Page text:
Merry Christmas from West Africa!

Trip Start May 04, 2011
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Trip End Feb 20, 2014


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Where I stayed
Block C
What I did
Work

Flag of Ghana  , Eastern,
Wednesday, December 28, 2011

I never ever thought that a) I would work in Africa or b) I would spend a Christmas here! After 29 Christmas' with family in Australia, this was one different to any other. The week and a half leading up to Christmas Day was a very festive mood across work. Everyone was winding down and drinks almost every day for workers going out on break/leave. There is only a skeleton crew remaining for the actual Christmas period (but quite a few enviro staff) with most having re-organised their breaks – some expats doing 10 weeks straight just so they could get Christmas off! I always knew that my roster fell over Christmas, so it didn’t really faze me. I have no regrets about taking my break in early December because it would have been very difficult trying to see everyone and do everything if I had returned for the Christmas/NY period. Anywho – first weekend back was a contractor party down at the Beige and then a swim at the contractor pool on Sunday. Fun times.

Before I get to the happenings of Jesus’ Birthday, a little bit about everyone’s favourite topic: the Weather. The season has definitely changed since I returned from break. A lot drier, with the greenery around camp dying off. It hasn’t rained once, whereas normally there is a storm almost every night. The worst part is the Harmattan. Hopefully the photos tell this story, but this is the Wikipedia explanation "The Harmattan is a dry and dusty West African trade wind. It blows south from the Sahara into the Gulf of Guinea between the end of November and the middle of March (winter). On its passage over the desert it picks up fine dust particles. The heavy amount of dust in the air can severely limit visibility and block the sun for several days, comparable to a heavy fog". When I arrived in Accra, it was similar to a Perth day when those terrible prescribed burns blow smoke across the city and blanket us in haze. I still think a large proportion of this Harmattan thing is smoke haze – it has an odour of smoke as well. I’m told that some of the locals set fire to the bush to chase the animals out and then trap them for food. This adds to the dust problem and it’s probably cutting a few years off my life-span.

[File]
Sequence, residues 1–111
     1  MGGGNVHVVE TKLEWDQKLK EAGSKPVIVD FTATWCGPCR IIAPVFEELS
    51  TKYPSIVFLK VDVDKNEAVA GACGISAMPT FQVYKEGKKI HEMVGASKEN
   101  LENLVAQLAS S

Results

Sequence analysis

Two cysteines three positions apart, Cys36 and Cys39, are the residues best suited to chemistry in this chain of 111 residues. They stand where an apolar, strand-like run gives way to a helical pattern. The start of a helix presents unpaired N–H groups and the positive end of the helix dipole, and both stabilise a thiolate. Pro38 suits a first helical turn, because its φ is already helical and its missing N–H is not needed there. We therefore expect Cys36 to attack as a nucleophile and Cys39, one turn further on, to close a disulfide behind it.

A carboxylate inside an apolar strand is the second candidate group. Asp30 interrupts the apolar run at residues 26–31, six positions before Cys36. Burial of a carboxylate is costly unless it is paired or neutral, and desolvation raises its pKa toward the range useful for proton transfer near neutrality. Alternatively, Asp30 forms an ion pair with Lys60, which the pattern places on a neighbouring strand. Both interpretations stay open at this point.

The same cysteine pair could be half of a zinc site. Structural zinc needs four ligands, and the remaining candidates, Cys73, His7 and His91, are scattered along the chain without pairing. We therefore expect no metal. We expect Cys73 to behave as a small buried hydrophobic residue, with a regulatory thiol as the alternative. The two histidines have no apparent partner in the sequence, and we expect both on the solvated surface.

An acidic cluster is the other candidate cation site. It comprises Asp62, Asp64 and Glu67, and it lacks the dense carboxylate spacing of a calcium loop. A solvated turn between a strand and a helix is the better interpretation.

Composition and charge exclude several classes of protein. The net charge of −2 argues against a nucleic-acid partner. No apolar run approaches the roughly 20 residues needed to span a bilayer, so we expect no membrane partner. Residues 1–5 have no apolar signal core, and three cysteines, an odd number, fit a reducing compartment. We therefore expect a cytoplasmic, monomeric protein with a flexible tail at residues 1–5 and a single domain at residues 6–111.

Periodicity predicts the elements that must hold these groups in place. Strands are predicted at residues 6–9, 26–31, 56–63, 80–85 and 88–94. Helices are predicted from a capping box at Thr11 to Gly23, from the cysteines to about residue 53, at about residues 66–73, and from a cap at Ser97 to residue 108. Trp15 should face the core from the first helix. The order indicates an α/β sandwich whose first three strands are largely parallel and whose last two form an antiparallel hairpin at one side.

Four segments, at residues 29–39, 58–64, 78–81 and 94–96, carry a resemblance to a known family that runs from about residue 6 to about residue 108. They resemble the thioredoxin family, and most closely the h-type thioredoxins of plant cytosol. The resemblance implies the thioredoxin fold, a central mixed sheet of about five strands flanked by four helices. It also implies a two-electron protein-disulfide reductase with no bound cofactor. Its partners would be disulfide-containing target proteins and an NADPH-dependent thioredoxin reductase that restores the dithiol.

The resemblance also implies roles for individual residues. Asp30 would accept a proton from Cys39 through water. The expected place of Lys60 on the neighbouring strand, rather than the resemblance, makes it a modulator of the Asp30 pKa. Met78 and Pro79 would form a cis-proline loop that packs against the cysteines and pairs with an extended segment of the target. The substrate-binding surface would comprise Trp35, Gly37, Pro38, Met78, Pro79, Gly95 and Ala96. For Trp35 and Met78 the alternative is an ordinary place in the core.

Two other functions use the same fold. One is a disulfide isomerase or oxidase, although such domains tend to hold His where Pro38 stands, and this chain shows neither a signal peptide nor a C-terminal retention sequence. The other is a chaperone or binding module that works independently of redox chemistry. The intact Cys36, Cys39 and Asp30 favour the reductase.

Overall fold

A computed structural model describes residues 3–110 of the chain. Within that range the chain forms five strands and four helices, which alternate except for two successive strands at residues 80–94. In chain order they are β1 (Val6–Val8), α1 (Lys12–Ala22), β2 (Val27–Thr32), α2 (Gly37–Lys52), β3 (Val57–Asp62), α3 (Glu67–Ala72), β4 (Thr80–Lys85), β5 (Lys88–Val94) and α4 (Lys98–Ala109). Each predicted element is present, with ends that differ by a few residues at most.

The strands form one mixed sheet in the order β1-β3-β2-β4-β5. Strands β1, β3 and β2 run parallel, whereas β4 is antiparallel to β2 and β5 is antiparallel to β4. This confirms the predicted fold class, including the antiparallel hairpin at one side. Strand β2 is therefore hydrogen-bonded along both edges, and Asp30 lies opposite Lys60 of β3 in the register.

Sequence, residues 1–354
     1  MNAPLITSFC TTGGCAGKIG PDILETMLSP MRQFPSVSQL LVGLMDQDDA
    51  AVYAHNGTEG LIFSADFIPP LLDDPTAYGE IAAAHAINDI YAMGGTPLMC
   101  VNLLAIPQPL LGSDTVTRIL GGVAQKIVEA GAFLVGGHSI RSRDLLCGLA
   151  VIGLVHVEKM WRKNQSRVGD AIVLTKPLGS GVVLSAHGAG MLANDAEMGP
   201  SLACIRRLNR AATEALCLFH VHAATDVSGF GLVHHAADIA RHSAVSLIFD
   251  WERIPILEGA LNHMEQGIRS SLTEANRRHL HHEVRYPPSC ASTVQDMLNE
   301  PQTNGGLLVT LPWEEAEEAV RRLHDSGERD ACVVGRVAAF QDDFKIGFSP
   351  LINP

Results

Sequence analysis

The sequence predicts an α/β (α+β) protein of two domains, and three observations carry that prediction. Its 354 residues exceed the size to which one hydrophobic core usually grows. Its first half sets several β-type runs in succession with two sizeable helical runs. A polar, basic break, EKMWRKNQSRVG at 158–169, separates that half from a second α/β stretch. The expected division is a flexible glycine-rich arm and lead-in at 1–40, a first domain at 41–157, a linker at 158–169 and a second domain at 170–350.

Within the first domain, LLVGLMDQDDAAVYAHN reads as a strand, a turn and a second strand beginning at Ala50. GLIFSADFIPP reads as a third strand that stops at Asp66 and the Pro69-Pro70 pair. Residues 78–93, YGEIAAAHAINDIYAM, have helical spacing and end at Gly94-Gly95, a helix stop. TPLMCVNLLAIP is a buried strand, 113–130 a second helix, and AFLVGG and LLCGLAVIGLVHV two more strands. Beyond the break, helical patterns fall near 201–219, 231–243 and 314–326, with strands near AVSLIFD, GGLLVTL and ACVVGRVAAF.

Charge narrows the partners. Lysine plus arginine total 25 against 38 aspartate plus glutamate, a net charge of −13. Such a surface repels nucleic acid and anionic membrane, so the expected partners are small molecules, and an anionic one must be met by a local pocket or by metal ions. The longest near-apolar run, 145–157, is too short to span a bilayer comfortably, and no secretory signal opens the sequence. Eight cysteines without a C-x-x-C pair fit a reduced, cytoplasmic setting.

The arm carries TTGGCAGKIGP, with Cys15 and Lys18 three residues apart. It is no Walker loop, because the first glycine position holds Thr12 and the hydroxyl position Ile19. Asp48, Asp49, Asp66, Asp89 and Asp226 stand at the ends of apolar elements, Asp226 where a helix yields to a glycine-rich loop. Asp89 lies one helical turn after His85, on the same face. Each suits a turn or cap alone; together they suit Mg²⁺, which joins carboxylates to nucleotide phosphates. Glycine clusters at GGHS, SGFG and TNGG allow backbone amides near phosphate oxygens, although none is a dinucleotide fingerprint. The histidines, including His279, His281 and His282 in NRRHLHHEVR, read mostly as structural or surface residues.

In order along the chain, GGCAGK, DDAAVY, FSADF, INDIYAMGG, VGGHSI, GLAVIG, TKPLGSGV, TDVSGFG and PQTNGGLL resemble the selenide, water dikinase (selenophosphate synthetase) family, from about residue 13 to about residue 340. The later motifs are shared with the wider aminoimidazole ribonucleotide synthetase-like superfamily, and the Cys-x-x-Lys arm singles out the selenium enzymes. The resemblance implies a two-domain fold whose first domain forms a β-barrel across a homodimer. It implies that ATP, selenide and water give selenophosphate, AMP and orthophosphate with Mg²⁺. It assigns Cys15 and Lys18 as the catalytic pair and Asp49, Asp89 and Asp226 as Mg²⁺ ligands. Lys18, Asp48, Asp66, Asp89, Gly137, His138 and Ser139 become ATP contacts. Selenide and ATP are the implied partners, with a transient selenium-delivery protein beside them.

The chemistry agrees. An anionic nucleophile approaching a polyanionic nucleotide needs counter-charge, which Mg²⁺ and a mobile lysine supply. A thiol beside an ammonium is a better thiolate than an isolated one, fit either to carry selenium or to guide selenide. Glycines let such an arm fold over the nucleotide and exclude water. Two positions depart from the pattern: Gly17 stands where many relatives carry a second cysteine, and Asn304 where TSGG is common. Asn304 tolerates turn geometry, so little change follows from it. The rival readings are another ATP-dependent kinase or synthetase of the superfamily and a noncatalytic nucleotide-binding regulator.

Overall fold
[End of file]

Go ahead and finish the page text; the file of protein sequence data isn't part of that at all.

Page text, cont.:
Ok, back to topic. The Enviro team had a small end-of-year function at the Beige in the week leading up to Christmas. Having been thru one or 2 of these functions, I knew what to expect and readied myself for a barrage of photos. At the contractor Christmas Party, I was almost mobbed by a crowd of Ghanaians who all wanted a photo with a white guy – I had to tell them enough; I felt like a Home & Away celebrity at Telethon ;-) I also was not looking forward to the food. The chicken was spicy to the extreme and it was so dark I couldn’t even tell what was in the rice. But the beer was nice. I tried a couple of different (new to me) Ghanaian varieties. Then the speeches…man, it seems every member of the group needs to give their thanks and speak. Plus, it is all in the local dialect. But I was fortunate to have one of the newbie graduates sitting next to me who was my translator or linguist – this is the title for the person who refers anything u say to the Chief and vice versa, because apparently u can’t talk directly to the Chief; odd and possibly not 100% true cause I have spoken directly to a Chief before…maybe it only applies in a formal setting.